Oral Histories

Inalyn Meador


Bill & Inalyn Meador

Q: So you were Joanne Dru?

A: Yes, I doubled for her. Van Johnson was in the movie along with Joanne Dru.

Q: I got the idea you were a horseback rider?

A: I was raised on a ranch and I love horses, yes.

Q: You were doing some sort of daring horseback riding in the movie?

A: No. I rode the horse and I drove the wagon and like that; walked along and led the horse, but I didn’t do anything daring. When the wagon was supposed to running away they had a man down behind me making sure that nothing went wrong. 

Q: Did you get in other movies?

A: No. I was just home from college and it was before I was married. 

Q: When you were married you went to various locations to go to school?

A: For Bill’s school, yes. 

Q: Did he teach, or was he an administrator?

A: He taught for a few years and then he was an assistant superintendent for six years and then superintendent for 16 years. Twenty-two years altogether that he was in the Grand County School District office.

Q: The field that is named for Bill Meador, is that for your son that was killed?

A: The football field itself was in memory of our son, Jeff, that died. He wasn’t killed. The rest of it was to honor Bill.

Q: How many children do you have?

A: We had four. Bill had a previous marriage and had one boy.

Q: Now you have grandchildren?

A: We have four. The oldest girl is twenty-one and Connie Lyn just turned eighteen last Friday and Bruin is four and the baby will be three months day after tomorrow. It’s fun.

Q: What keeps you busy now, with the sorority raising funds or?

A: Alpha Rho has two yard sales a year, one in the spring and one in the fall and we make pretty good money there. And then we sell pecans in November and December and we make good money there too. We do well. We donate a lot of money but this is an international, actually Australia is the only other country, but the United States has chapters in every state. It’s a good service organization; we help a lot of people. 

Q: Are there hospitals in Utah that are a part of that?

A: No. We don’t donate to them. In town we donate a lot to Search and Rescue and Seekhaven. We help with Girls State and we send money to the special-ed section of each school. Internationally, we send money for Easter Seals for one big project and St. Jude’s is our other big project. We have a philanthropic and disaster fund for needy in the state. We just help in a lot of different areas. And other things I do to keep busy. I keep very busy. For about ten years I have been helping at the hospital extended care on Monday nights with Bingo. For about five or six years I went every Monday night, but now I go 2 or 3 times a month and I organize it to keep people going. Then our sorority goes down there and plays Bingo every Wednesday afternoon.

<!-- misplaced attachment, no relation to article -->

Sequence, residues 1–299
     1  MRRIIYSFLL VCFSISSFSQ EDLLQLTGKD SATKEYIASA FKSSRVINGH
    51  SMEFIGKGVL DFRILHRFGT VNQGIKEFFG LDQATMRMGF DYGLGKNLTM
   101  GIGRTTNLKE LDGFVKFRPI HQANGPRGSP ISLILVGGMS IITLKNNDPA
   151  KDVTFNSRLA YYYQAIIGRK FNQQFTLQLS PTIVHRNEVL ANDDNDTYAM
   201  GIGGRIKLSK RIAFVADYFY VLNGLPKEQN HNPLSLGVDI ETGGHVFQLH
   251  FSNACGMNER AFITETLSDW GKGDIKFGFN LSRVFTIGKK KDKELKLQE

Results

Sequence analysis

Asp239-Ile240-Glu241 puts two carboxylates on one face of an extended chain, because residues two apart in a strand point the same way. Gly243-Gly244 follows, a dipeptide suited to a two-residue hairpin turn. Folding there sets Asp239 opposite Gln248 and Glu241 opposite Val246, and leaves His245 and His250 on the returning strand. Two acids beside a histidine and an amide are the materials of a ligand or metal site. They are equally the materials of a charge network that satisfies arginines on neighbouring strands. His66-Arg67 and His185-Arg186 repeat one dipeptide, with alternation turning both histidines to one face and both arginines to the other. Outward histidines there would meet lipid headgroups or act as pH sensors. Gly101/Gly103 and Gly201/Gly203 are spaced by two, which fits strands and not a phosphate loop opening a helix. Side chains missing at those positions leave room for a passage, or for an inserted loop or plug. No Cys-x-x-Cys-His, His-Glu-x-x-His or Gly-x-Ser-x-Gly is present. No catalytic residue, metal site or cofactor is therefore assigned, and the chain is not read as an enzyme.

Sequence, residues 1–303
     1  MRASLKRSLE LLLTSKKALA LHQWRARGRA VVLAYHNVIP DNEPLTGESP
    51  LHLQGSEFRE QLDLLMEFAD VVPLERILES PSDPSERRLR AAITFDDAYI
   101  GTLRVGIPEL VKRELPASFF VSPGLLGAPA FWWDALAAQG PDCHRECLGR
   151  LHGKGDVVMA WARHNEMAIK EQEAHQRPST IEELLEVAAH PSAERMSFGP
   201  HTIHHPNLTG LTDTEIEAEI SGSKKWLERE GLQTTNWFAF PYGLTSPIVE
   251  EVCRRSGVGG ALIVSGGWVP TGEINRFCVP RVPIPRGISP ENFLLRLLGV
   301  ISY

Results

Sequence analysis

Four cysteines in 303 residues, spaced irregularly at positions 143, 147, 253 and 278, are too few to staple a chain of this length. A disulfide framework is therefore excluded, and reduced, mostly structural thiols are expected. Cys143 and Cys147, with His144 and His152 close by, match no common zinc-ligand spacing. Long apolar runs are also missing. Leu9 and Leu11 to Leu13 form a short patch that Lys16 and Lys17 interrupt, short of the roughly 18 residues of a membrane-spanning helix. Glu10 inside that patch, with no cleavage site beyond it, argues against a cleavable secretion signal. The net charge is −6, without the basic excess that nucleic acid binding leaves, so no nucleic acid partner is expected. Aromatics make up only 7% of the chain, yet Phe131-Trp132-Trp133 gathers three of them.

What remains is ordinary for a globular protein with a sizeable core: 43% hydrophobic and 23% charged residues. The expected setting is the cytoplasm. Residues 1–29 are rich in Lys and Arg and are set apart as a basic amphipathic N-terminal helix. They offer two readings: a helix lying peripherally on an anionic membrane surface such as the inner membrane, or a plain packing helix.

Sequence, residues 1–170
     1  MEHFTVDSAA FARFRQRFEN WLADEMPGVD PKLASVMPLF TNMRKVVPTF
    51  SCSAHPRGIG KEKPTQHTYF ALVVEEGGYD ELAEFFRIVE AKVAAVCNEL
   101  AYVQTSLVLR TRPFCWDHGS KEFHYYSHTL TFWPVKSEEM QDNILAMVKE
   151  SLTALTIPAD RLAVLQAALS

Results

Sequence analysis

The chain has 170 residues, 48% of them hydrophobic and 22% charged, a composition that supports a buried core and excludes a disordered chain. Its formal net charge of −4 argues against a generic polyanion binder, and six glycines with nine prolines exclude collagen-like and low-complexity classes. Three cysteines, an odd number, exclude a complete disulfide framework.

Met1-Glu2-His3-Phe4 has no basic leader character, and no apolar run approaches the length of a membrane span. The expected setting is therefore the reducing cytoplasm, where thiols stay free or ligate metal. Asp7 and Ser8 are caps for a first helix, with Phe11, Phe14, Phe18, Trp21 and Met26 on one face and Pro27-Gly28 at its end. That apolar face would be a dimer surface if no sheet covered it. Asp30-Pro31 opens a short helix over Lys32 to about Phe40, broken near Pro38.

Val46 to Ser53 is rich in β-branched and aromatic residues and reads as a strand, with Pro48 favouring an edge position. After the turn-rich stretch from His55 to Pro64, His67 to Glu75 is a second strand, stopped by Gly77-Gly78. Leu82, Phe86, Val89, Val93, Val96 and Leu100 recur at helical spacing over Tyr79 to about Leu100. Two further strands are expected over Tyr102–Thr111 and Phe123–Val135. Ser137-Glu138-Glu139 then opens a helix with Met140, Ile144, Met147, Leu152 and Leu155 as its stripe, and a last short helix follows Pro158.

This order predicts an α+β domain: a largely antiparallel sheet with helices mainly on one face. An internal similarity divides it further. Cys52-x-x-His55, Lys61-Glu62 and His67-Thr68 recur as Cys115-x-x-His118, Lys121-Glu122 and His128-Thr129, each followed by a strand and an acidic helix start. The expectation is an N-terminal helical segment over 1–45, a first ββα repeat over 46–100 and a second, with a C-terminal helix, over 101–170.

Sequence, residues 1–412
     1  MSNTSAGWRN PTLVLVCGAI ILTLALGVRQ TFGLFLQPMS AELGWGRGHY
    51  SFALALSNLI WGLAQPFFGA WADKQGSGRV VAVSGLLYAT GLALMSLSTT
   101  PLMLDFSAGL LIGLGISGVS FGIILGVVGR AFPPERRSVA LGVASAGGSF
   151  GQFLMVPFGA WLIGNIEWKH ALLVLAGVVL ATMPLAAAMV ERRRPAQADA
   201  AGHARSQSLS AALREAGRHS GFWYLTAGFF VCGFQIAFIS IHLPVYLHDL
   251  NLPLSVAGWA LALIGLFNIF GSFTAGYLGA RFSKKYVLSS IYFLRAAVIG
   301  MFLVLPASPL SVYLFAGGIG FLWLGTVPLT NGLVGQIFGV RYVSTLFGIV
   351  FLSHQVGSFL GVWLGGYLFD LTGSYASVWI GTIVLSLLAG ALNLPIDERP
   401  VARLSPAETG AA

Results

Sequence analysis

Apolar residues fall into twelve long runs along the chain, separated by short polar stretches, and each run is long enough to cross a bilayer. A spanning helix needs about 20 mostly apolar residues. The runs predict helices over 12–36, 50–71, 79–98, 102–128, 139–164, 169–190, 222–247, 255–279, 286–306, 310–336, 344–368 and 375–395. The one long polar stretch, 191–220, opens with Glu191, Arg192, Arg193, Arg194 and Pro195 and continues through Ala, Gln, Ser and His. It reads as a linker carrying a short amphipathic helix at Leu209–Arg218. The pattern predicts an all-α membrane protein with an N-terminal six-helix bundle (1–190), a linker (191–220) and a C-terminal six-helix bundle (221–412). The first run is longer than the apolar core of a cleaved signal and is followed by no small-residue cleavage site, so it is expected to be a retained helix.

Q: So they have Bingo twice a week?

A: Yes, and our sorority furnishes the funds and the prizes for Wednesday. I’m in the Daughters of Utah Pioneers, which meets during the winter every Wednesday. We just restored the old building and we restored the pictures. We had the cabin from 1st East and 1st South moved over by our building and have restored it, twice. We have a new fence now; we have really worked hard the last four years.

Q: Hallie Tibbetts mentioned that.

A: She’s my sister. We feel we have really accomplished something.

Q: You have; it certainly looks nice.

A: When you go into the building, you can see the pictures and the directory will tell you where to find who the people are in the pictures. All those pictures were donated to us from the families. Beautiful pictures and beautiful frames. Some of them are getting really old. 

Q: Some of the older pictures seem to last longer?

A: We have one that is really going fast, but we now have blinds on the windows and everything to keep the light out when we are not there.

Q: What do you think of Moab now and the changes from when you were growing up?

A: I think we have to go along with the times. I think we need the tourists. When I’m down at my house, they don’t really bother me. When you go to the store, you just have to plan on taking your time and not letting it bother you. The bikers and things don’t bother me personally. We used to take our kids every weekend and go out in the hills or somewhere. You could be alone then, which you can’t be now. I mean it has really changed from when we were kids.

Q: Some of your favorite places? 

A: Oh, yes. It makes you feel a little bad some times but life goes on and we do have to go along with it. Things have to advance. Just like the new library. We need the new library and I know it will cost money, but we still need it. 

Q: Did you glance at some of these questions about the boom times?

A: During the boom times, I worked at the Arches Café .A lot of the people would come in from Texas and they would complain. I wanted to say, “Well, if you don’t like it, why don’t you go back to Texas?” But I didn’t say that. My older sister, Mildred, owned a house next to my parents; my father built it for her because her husband died of heart disease real young. Then she moved to Salt Lake and so during the boom, my parents (at this time I was home during the summers and at college during the winters) , my parents rented that little house to Charlie Steen and his wife and four boys. It was a two-bedroom house and they rented and stayed there because there wasn’t any other place in town to rent.

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